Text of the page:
The West Indies have arrived in Zimbabwe amid massive speculations about their chances to qualify for the ICC 2019 World Cup. Die-hard fans, who wish the sun would always shine on the men from the Caribbean cannot imagine the biggest ICC event, a rare occurrence that happens once in four years, without the West Indies. It’s a lot of time to re-group, re-organise and even, re-orient ones approach to the game.
But in the last four years, where their cricketing output is concerned, West Indies have gone from being a walnut to shrinking to the size of a raisin. You know what happens when an army of ants find to its utter delight the chance to gorge on a piece of dry-fruit that has no takers.
Minnows that they might be called, the Associate nations- Papua New Guinea, Ireland, Afghanistan and the UAE- would rather prefer the West Indies to be that listless fruit that has fallen off from the edge of a tree; one that can be devoured without much ado.
Even as this reads like a rigorous bashing of the Caribbean side, there’s evidence to believe the team is echoing just this feeling. As on February 27, playing their first-ever practice game ever since descending in Zimbabwe, a country where they gained a series win after months of onerous suffering, the West Indies have managed to give fans a fresh reason to strike a conversation with reality. Jason Holder’s men failed to chase 140, in a rain-affected D/L game.
Their fans, who would not think twice before trading their most precious belongings to spend some tv-viewing time watching Holder, Hope, Gayle, Evin, Samuels and Kesrick Williams fight it out in England would now consider hitting the road to see Jesus first. Some would want to fast and resort to other emotionally-driven albeit impractical measures hoping for things to get better.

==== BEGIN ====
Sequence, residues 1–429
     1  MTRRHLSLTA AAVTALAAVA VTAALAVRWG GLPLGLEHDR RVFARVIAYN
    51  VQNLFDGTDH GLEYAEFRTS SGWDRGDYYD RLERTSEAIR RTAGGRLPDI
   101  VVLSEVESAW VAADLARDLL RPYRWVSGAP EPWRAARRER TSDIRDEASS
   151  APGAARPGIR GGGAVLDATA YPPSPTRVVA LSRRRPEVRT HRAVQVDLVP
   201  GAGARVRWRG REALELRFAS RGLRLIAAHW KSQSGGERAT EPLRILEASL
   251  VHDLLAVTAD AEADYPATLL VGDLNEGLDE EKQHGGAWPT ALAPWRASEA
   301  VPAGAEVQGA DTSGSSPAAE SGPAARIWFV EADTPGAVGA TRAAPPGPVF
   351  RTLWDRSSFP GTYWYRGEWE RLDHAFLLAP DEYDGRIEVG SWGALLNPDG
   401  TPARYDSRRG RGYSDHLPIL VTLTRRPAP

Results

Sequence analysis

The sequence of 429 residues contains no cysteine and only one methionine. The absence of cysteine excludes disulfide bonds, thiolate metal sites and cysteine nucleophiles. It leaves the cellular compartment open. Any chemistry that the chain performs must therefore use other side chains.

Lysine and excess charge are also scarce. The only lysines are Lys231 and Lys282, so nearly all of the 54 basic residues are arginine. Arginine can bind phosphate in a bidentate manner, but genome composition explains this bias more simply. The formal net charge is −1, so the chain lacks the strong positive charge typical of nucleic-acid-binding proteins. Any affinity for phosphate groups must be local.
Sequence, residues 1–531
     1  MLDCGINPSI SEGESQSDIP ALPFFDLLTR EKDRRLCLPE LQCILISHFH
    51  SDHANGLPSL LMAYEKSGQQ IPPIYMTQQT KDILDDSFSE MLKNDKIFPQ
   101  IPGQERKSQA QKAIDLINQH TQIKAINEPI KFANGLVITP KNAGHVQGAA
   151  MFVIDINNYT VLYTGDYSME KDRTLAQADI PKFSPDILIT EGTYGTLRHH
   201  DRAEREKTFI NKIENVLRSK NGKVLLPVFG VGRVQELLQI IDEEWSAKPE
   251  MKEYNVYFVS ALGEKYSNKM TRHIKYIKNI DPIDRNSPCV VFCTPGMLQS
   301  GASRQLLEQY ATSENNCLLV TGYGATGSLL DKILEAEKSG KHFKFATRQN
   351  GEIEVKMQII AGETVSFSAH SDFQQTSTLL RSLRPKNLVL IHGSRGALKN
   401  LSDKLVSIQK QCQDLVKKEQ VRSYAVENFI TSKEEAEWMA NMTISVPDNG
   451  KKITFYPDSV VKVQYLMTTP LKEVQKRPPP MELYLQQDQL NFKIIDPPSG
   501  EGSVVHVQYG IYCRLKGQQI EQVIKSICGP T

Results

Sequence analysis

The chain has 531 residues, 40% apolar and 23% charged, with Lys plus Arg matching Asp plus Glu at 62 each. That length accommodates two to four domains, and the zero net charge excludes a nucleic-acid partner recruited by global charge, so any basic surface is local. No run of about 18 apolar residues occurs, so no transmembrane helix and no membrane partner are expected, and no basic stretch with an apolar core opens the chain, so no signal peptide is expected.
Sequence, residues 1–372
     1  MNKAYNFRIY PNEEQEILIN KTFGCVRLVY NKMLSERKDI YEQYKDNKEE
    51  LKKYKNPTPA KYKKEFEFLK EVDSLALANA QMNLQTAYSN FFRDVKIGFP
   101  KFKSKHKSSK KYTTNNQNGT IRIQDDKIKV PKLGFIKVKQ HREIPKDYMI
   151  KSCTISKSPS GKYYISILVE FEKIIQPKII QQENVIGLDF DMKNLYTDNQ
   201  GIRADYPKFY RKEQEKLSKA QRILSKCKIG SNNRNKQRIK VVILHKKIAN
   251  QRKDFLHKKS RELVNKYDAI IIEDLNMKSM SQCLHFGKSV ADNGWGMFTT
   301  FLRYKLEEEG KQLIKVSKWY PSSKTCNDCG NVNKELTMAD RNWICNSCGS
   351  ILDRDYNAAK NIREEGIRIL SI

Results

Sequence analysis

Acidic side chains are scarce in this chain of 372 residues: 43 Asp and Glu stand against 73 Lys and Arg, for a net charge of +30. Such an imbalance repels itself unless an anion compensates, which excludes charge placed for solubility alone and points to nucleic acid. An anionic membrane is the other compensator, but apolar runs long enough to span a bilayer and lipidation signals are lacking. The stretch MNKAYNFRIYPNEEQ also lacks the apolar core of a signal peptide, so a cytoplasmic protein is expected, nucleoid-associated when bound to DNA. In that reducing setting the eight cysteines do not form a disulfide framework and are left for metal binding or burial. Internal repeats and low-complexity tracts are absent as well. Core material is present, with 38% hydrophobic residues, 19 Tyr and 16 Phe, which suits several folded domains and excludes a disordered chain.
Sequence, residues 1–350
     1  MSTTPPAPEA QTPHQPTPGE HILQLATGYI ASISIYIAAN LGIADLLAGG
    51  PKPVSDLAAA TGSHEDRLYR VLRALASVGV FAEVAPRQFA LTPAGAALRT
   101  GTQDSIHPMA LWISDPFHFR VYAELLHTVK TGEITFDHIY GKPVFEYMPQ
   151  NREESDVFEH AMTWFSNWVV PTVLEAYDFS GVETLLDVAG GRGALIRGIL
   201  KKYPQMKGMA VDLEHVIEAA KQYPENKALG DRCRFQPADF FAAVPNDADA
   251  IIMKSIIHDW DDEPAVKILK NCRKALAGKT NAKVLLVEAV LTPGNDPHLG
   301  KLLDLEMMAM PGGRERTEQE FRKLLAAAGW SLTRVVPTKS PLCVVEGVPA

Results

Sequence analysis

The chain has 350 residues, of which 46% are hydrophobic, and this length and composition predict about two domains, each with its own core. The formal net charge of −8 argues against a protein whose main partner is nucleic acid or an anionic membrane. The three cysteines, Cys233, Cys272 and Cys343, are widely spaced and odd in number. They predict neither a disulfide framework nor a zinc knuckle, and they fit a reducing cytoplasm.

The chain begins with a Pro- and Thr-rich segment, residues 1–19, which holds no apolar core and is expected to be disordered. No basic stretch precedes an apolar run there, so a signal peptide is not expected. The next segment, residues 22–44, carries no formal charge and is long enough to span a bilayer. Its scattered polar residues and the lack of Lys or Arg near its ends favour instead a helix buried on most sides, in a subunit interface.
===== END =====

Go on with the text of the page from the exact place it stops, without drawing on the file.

But would they?
In fact, the rationalists; fans on social media who back the idea of dismantling the Windies board once and for all, taking the boys away from the game for a while in order to mount a serious recovery at a latter stage; would be compelled to switch off from television during March as mayhem might follow.
Why on earth was a side where a Gayle and Samuels- two of their sports’ most famous old-guards along with Evin Lewis and Shai Hope, arguably the finest white and red ball talents respectively unable to clamp down a modest ask of 140 is something that none can say. Not even the best cricketing brains in the world.
But here’s the harsh fact minus any silver lining in the sky. Afghanistan made light-work of a Caribbean side where Gayle contributed 9, Hetmyer 1, Jason Mohamed 0 and, Shai Hope 1, and Rashid Khan, subsequently found- he wasn’t the only one who could terrorise a bunch of batsmen who use footwork as rarely as one using wool during summers. Dawlat Zadran, a right-arm medium pacer took an impressive hat-trick leaving Khan to scuttle the lower order.
This leaves us to question something that no longer can be avoided. Was Jason Holder actually in senses when just hours before the start of West Indies’ maiden practice game on this tour suggested, “West Indies should consider winning a third World Cup”? Here’s sufficient proof Holder was on some substance that only he can explain. On February 21, he came out with a public statement that read the following, ” I don’t consider my side as the strongest opponent in the world cup qualifiers.” Where does that lead a side where barring Samuels and Gayle, no other West Indian talent has even touched 75 ODI games?
But as the true, unbridled passion of the West Indian lover would have it, one who still stands by his team, the sky hasn’t fallen over. Not just yet. But if the West Indies happen to believe in that thing called a team huddle, they’d be discussing how to reverse skyfall.